Information vs. Knowledge

just ran across an interesting article about Xerox finding that knowledge was more valuable than information. my first thought was, “what’s the difference?” the way the terms are thrown around these days, they’ve become little more than buzzwords.

the distinction came when i looked at my own system of managing information. i’ve got a new application called the “Sony Ericsson Clicker“. this contains a built-in “proximity sensor”, which means that i can set it up to perform certain tasks based on whether i am near my computer or not. currently, it is set up to launch four programs (Mail, Address Book, iChat, NetNewsWire) and kill the screensaver when i enter my apartment (okay, and it displays “Welcome Home, Bob!” how sweet . . .). the result is that by the time i reach the keyboard, the screen is already full of information.

but i couldn’t help thinking how this could be better. after all, each of these applications is feeding me lists of information, from updated websites to email messages to online friends and contacts. but it is up to me to prioritize the information, sort it in a way that is comprehensible, and digest it. only THEN does it become knowledge.

perhaps a better plan would be to archive the information intelligently. after all, most of the information is not necessary for me to see immediately, and usually it relates to things in the distant future or with questionable relevance to me. but if the information showed itself just when i DID need it, be that in a day or a year, then it would be considered knowledge. cory doctorow talks about how he uses his blog to archive things of interest to him (and in a strange twist, i’m archiving that article for myself right here!). but what if the system did that for him? that is, of course, how a real secretary/administrative assistant works–they parse the information and make it available to the boss at the required time.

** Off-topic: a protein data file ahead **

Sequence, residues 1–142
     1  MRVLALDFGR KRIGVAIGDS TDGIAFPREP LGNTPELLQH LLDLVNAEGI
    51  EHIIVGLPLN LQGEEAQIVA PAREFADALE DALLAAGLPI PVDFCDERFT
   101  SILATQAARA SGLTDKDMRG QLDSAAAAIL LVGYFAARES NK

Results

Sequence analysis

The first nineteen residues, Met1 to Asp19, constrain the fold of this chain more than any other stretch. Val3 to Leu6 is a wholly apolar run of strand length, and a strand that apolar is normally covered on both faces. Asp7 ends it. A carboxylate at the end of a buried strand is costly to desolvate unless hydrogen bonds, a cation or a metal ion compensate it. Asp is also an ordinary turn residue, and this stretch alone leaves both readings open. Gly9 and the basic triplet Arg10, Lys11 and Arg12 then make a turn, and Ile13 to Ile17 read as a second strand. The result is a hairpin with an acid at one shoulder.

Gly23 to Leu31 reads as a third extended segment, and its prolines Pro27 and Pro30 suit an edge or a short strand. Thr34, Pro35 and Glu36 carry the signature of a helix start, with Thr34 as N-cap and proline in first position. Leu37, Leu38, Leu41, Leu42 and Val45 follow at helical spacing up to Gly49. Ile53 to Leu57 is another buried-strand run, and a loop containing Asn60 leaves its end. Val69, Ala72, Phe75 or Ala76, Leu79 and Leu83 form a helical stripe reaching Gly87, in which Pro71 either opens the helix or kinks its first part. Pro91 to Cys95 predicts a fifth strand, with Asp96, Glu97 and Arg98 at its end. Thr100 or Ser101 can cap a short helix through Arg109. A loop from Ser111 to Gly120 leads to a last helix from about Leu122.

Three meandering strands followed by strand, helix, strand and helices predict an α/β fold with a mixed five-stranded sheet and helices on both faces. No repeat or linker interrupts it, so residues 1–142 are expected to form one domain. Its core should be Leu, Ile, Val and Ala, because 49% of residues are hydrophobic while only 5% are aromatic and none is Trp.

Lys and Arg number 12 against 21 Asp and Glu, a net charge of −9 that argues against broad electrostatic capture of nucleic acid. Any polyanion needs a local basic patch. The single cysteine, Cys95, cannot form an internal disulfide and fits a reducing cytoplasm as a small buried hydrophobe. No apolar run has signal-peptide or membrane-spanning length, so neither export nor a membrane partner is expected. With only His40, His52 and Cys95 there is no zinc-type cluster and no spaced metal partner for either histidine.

UPDATE: a very cool article (PDF) on the history of interaction by Marc Rettig goes into more detail about this distinction. he sees the different levels of interaction as 1) operate the machine; 2) use the software; 3) perform a task; and 4) experience (live, learn, work, play). i’d say we’re still at step 2, and i had only envisioned moving to step 3. but really, we all want to be at step 4–how can we cut out the middleman?

Steven Johnson has posted a thoughtful piece on the Bloogle acquisition, taking the viewpoint that Blogger could provide Google users with a valuable “scrapbook” for the internet (make sure to read the comments on his blog about the article too).

i was fortunate to hear a talk yesterday by Eric Schmidt, Google’s CEO. his main quotable moment about Blogger was saying “we hope to help them out”, to aid Blogger users in creating quality content. in other words, he just wants to make the internet a better place, so that his tool to search it comes up with better results. that’s translating information into knowledge.